Jury considering its verdict in Cheeki Rafiki manslaughter by gross negligence case after the Beneteau 40.7 lost its keel and capsized in 2014

The jury in the trial of Douglas Innes and Stormforce Coaching, operators of the yacht Cheeki Rafiki that capsized mid-Atlantic in 2014 leading to the loss of four crew members, has retired to consider its verdict.

After more than a day of summing up from the judge, Mr Justice Dingemans, the jury at Winchester Crown Court has retired to consider the evidence in the complex month-long trial relating to the deaths of Andrew Bridge, 22, James Male, 22, Steve Warren, 52, and Paul Goslin, 56. All four died when the Beneteau 40.7 Cheeki Rafiki capsized mid-Atlantic on a return trip from Antigua Sailing Week to Southampton in May 2014.

Doug Innes, 42, the director of Stormforce Coaching Limited, denies four counts of manslaughter by gross negligence.

Innes and Stormforce Coaching also deny two further charges of failing to ensure the vessel was operated in a safe manner between 18 March 2013 and 18 May 2014, contrary to section 100 Merchant Shipping Act 1995.

The trial, which opened in early June, has heard from expert witnesses explaining maritime surveying and coding practices, yacht construction methods, navigation and passage planning, and composite debonding and metal corrosion processes.

Cheeki Rafiki - Stormforce Coaching

Cheeki Rafiki racing in the Solent during a previous season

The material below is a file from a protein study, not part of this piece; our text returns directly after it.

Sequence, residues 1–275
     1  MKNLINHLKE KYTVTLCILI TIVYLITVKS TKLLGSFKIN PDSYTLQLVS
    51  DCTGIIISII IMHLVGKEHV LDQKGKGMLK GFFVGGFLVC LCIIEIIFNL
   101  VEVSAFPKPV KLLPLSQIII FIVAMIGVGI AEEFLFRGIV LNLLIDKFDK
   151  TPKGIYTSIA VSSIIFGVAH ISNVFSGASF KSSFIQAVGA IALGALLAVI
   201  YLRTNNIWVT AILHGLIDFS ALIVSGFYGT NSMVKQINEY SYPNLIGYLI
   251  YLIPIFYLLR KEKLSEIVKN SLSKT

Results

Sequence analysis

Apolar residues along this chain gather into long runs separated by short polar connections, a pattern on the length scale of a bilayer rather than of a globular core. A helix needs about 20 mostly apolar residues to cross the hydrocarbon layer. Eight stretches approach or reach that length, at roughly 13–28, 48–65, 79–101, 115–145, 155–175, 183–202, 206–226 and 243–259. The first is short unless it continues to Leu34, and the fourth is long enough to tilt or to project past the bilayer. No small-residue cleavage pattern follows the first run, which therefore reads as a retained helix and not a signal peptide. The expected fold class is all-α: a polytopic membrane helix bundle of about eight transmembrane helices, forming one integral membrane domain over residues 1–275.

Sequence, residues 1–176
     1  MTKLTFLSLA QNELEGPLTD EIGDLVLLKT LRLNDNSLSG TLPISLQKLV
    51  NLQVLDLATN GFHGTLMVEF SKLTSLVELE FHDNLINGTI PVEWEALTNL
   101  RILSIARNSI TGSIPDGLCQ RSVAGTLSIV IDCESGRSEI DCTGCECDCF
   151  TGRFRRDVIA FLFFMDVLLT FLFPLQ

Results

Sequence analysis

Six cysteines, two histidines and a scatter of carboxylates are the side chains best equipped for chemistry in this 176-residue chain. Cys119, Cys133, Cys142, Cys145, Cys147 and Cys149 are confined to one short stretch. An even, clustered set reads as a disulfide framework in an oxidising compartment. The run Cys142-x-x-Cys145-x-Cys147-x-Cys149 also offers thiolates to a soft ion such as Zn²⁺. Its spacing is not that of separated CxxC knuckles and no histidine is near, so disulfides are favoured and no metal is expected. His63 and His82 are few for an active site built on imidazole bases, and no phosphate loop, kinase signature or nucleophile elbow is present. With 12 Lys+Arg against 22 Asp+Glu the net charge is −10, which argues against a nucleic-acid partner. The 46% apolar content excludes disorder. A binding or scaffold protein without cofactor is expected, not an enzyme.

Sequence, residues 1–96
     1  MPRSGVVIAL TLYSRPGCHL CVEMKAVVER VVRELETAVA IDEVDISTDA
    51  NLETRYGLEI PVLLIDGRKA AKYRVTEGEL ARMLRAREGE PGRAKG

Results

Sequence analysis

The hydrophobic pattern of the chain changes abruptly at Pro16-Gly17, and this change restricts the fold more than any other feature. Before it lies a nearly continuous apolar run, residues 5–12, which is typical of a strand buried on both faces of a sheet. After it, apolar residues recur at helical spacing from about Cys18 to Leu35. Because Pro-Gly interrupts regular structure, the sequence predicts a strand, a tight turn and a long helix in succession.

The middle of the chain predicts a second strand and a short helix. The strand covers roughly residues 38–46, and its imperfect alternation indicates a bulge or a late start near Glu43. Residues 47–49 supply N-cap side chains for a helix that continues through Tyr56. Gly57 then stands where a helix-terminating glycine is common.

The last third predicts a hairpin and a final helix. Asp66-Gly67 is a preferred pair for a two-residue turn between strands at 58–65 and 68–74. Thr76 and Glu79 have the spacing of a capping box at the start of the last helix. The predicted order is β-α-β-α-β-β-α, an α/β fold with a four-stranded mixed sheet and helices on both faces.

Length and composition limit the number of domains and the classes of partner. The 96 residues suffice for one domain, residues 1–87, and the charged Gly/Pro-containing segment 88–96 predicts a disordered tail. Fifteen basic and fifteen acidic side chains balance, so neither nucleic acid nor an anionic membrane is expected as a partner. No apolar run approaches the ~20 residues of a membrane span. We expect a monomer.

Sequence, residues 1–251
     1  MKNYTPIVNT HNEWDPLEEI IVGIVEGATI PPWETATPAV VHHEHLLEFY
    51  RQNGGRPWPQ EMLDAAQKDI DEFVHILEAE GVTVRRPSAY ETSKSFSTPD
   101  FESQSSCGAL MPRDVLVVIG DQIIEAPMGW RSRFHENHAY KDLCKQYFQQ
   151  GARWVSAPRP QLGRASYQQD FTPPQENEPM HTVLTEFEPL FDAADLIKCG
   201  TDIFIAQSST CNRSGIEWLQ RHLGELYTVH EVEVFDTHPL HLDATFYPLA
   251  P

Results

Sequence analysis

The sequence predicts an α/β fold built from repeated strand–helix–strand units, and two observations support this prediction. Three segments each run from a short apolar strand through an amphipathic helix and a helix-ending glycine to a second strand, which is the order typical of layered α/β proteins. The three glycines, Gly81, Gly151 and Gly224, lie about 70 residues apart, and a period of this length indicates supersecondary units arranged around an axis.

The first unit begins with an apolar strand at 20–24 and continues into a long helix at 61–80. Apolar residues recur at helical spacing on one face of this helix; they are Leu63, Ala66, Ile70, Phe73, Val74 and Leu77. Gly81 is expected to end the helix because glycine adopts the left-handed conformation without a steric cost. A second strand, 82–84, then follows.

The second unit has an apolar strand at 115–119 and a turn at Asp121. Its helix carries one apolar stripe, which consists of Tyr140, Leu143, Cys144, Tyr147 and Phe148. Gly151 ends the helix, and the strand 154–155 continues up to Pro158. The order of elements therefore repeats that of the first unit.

Mr Justice Dingemans explained to jurors on Monday, 10 July that the prosecution was required to prove that Doug Innes owed the crew a duty of care, and that he had breached that duty of care by his actions or omissions. The prosecution was also required to prove that any breach of duty contributed to the deaths of the crew, and that negligence was “not just serious but a gross departure” from the standard of a reasonably competent and prudent managing agent.

In his summing up of the prosecution case the judge said that Innes had breached his duty of care by failing to have the yacht inspected or surveyed before she set out on the Atlantic crossing.

The prosecution case is that the yacht should have been inspected as part of her ‘mid-term’, or three-year inspection for Maritime and Coastguard Agency (MCA) Category 2 charter coding [which lapsed before the yacht left Antigua], and that the yacht should have been surveyed after groundings that occurred in 2011 and 2013.

The prosecution say that a reasonably competent and prudent managing agent would have had Cheeki Rafiki surveyed because of the yacht’s background and future planned use, including the transatlantic return crossing.

The prosecution say Innes failed to have the yacht coded as Category 0, which does not restrict where a commercial vessel may operate. The yacht had previously been coded under Category 2, which requires the vessel to remain within 60 miles of a safe haven when operating commercially.

The prosecution say that if the yacht had been coded as Category 0, she would have been surveyed before departure and would have carried a higher specification of safety equipment, including ‘float free’ liferafts, which deploy automatically.